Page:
North of 200,000 people converged on Washington last Friday to stand for the sanctity of life, and all the media told us was a story about a bunch of “racist teens” in MAGA hats bullying a Native American veteran.
The M4L has faced systemic issues with a hostile press. The usual complaint is that the media ignore it, though it is one of the largest political demonstrations in the country. But as we discovered last Friday, they will cover it if there’s an opportunity to demonise pro-lifers.
On the steps of the Lincoln Memorial, there was a confrontation between a group of Catholic schoolboys and a variety of counter-protesters, including a Native American group and a few Black Hebrew Israelites, who are designated a hate group by the Southern Poverty Law Center.
The video that first emerged showed Nathan Phillips, a Native American man, playing a drum in front of a silent Catholic student from Kentucky, surrounded by other students chanting. Twitter users shared the video believing that it showed the students mocking the elderly veteran. But subsequent footage emerged showing that Phillips had approached the students first, and that the boy had not “blocked” him, as Phillips previously claimed to the Washington Post. Phillips identifies with the American Indian Movement, a fringe native sovereignty movement.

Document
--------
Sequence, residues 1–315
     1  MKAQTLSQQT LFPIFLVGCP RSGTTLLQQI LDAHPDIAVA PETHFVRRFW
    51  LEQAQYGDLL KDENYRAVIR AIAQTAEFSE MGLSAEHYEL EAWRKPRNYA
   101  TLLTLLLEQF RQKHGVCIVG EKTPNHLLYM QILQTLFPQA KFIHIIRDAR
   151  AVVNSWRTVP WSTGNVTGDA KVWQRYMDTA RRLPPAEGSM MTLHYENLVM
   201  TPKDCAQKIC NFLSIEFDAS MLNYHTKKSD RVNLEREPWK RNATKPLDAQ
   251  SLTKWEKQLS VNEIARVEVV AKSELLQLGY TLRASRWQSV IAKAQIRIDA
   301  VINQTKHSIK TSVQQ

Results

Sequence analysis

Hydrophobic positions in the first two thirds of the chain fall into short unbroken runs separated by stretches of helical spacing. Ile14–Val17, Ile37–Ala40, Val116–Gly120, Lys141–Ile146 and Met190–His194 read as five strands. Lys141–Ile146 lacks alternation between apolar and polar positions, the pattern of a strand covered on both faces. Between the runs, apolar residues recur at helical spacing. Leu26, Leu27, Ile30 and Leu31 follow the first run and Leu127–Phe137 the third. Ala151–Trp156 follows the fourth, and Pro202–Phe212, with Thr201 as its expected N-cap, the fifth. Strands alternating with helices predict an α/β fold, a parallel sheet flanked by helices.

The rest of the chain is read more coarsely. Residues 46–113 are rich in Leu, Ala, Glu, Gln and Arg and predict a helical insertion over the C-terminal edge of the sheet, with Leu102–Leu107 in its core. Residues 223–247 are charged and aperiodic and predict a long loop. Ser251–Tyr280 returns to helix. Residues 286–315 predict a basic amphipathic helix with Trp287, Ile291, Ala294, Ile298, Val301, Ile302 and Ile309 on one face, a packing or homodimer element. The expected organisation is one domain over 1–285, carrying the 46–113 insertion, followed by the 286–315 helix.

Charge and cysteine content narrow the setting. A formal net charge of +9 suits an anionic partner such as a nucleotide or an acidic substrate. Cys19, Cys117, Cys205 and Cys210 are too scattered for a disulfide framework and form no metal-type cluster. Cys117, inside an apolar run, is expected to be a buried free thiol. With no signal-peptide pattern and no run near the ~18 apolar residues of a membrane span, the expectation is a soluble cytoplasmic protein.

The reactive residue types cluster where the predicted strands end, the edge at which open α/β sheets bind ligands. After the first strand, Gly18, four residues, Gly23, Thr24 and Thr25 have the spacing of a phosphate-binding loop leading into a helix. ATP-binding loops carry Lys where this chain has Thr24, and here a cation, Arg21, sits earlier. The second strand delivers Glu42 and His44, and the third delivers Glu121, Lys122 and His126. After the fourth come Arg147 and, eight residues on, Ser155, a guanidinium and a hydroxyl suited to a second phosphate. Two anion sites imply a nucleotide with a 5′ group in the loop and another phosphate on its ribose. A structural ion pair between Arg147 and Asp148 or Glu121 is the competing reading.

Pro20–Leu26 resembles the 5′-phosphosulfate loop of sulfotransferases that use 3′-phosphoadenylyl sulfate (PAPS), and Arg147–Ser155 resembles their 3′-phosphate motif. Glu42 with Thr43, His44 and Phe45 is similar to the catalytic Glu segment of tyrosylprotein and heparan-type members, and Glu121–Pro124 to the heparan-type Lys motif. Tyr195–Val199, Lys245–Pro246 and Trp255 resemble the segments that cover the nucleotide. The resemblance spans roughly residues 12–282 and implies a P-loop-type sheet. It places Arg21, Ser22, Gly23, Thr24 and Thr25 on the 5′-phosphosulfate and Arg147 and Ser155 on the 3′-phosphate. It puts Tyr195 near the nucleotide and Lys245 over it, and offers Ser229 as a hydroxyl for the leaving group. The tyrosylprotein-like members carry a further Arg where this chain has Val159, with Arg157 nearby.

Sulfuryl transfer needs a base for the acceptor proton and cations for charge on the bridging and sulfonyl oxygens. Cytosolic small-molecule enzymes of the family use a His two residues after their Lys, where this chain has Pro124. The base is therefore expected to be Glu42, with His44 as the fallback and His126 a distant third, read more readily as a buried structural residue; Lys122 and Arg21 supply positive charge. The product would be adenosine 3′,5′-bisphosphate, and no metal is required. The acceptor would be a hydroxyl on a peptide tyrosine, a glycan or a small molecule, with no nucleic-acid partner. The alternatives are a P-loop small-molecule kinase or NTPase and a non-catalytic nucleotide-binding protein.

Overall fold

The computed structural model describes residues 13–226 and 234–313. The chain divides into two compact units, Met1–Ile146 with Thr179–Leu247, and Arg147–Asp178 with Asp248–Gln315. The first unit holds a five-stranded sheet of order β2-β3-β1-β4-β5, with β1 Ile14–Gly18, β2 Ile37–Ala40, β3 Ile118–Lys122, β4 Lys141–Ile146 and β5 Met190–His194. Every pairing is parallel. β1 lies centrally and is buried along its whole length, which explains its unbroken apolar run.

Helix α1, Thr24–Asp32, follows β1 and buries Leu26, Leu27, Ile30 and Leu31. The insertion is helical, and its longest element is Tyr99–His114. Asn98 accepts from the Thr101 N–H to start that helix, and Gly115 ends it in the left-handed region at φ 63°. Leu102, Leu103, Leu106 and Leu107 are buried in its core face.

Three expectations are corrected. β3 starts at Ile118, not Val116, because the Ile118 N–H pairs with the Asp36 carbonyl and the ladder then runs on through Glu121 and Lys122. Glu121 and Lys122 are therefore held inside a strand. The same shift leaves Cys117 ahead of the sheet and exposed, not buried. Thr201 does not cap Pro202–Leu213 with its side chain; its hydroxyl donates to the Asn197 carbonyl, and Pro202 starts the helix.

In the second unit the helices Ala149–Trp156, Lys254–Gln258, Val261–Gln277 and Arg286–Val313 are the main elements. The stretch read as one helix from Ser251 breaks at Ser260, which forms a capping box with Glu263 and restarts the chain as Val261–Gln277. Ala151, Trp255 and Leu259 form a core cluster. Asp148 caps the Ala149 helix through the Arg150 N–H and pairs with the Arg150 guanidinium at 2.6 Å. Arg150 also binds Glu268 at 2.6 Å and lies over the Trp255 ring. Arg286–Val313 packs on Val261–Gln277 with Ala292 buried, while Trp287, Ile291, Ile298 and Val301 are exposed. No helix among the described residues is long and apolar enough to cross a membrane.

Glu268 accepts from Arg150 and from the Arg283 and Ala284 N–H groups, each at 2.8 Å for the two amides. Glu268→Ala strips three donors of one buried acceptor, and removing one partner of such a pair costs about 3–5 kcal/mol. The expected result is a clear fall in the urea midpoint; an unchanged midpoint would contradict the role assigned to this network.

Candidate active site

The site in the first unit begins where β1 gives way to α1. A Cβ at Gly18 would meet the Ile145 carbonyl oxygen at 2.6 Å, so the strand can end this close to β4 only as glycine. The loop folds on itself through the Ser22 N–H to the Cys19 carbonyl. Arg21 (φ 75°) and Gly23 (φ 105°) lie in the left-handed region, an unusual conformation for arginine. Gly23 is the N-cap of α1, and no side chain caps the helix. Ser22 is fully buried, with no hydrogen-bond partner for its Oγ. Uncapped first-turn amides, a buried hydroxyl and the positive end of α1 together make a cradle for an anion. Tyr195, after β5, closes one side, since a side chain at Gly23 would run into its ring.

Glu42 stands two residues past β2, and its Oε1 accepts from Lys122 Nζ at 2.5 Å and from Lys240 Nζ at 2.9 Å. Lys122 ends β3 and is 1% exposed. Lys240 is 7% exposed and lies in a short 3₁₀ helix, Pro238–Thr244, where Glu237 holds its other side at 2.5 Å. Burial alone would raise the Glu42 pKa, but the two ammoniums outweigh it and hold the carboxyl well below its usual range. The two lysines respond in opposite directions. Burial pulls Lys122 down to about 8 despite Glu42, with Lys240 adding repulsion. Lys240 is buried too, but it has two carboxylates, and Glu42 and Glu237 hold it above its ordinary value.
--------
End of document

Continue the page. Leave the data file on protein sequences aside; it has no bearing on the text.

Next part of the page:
A number of outlets that initially condemned the students’ actions – including National Review, known as “the Bible of American conservatism” – have retracted their statements as more evidence emerged.
“The group of mostly white, MAGA-hat-wearing male teenagers remained relatively calm and restrained despite being subjected to incessant racist, homophobic, and bigoted verbal abuse by members of the bizarre religious sect Black Hebrew Israelites, who were lurking nearby,” wrote Robby Soave at Reason, adding that “this is shaping up to be one of the biggest major media misfires in quite some time.”
Having been unable to sell in churches for well over a year due to the pandemic, we are now inviting readers to support the Herald by investing in our future. We have been a bold and influential voice in the church since 1888, standing up for traditional Catholic culture and values.
Please join us on our 130 year mission by supporting us. We are raising £250,000 to safeguard the Herald as a world-leading voice in Catholic journalism and teaching. For more information from our chairman on contributing to the Herald Patron's Fund, click here
Make a Donation
Donors giving £500 or more will automatically become sponsor patrons of the Herald. This includes two complimentary print/digital gift subscriptions, invitations to Patron events, pilgrimages and dinners, and 6 gift subscriptions sent to priests, seminaries, Catholic schools, religious care homes and prison and university chaplaincies. Click here for more information on becoming a Patron Sponsor. Click here for more information about contributing to the Herald Patron's Fund